Slow trot, hand signs part of replay strategy

ARLINGTON, Texas -- Rangers manager Ron Washington started to sprint toward umpire Jim Joyce in the sixth inning of Tuesday's 3-2 win over the Phillies and slowed himself down.

Washington was rushing out to argue a call and determine whether to challenge it before realizing that slowing down time was part of the strategy.

"I caught myself," Washington said. "I've got to try to control myself. In spring training I was getting out there too fast and I was making calls and forgot that we had a review working."

Washington asked Joyce what he saw and then got a signal from bench coach Tim Bogar that the call was right and shouldn't be challenged.

"I told Jim, 'You won that one,'" Washington said. "He started laughing, but said that's why we've got the system in."

The second time, Washington walked very slowly to second base umpire Cory Blaser and by the time Washington turned around so he could see the dugout, he was told to challenge.

"They are working tremendously fast," Washington said. "The process worked extremely well. The umpires have been very cooperative. They know that when I come out there, I have to put myself in a position to see my dugout and that's because of time restraints. When you walk out there and you ask them what they think they saw, they've been very cordial about telling you what they saw."

Inside the Rangers' video room assistant advance scout Joey Prebynski has all the angles he needs to make a quick decision. Prebynski said he's able to view the angles he needs even before television shows it to viewers at home. Prebynski said it's more about training his eye as to where those cameras are than starting and stopping the frames. He was able to do it quickly Tuesday.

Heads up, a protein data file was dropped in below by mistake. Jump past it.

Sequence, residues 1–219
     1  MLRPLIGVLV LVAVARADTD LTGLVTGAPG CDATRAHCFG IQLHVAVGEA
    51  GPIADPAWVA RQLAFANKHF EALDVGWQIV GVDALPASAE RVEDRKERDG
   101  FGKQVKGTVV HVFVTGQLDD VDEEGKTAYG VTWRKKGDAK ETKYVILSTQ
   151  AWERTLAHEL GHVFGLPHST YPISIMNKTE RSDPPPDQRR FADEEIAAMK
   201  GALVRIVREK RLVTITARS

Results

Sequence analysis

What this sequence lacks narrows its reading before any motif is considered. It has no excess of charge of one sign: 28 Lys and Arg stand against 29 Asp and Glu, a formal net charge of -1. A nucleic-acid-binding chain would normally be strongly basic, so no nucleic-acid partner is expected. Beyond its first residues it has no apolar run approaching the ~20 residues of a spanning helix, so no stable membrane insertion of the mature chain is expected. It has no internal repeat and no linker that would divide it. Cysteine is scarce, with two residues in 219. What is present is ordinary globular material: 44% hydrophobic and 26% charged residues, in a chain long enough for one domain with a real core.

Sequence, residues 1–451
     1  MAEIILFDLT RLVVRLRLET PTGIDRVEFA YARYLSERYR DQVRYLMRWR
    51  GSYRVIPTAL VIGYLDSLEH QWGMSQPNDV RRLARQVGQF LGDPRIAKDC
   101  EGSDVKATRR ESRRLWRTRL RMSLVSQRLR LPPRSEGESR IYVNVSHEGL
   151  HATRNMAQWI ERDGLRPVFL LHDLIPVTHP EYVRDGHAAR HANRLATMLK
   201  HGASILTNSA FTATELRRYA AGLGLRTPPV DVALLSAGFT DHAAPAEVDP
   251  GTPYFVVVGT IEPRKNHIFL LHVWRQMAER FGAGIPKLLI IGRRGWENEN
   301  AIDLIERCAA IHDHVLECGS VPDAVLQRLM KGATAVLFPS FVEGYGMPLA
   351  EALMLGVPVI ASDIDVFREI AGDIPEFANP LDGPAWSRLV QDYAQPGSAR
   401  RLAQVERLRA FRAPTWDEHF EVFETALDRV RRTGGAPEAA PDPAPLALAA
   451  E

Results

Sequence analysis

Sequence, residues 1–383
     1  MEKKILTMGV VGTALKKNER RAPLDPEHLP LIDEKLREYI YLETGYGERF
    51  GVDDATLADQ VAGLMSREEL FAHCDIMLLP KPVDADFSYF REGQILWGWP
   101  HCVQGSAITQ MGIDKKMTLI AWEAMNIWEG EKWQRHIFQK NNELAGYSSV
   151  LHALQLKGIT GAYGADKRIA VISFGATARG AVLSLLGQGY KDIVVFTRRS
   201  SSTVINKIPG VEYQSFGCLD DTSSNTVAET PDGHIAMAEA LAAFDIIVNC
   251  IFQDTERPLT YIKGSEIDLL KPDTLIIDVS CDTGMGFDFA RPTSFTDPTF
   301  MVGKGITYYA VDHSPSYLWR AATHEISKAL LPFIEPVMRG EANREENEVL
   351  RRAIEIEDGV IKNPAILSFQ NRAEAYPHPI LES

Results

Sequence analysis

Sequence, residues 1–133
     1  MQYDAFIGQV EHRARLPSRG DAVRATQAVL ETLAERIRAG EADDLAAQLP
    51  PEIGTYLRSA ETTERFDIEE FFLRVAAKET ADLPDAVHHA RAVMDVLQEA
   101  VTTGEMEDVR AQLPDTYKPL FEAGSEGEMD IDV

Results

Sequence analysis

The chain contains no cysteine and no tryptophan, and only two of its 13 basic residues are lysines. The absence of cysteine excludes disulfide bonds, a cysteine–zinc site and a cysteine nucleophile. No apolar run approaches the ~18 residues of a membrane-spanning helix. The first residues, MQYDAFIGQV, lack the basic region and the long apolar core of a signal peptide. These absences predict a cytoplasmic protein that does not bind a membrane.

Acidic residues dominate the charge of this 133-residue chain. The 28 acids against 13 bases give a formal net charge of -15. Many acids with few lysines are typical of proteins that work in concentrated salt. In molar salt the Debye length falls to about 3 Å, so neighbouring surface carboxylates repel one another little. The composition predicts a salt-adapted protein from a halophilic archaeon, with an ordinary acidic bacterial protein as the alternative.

Prebynski calls Bogar, who then gives Washington one of three signals: a thumbs-up, a thumbs-down or a side-to-side wave that indicates he's not sure.

"Then I'll go with what I feel," Washington said, taking into account the inning and situation in the game at that point.

Washington was surprised by how quickly the dugout got him the answers he needed and was pleased with the results. He's open to tweaking the system as well, saying that if MLB wanted to review every scoring play, he'd be for that. But he still likes the idea of having a challenge and having to make a call as to whether or not he should use it.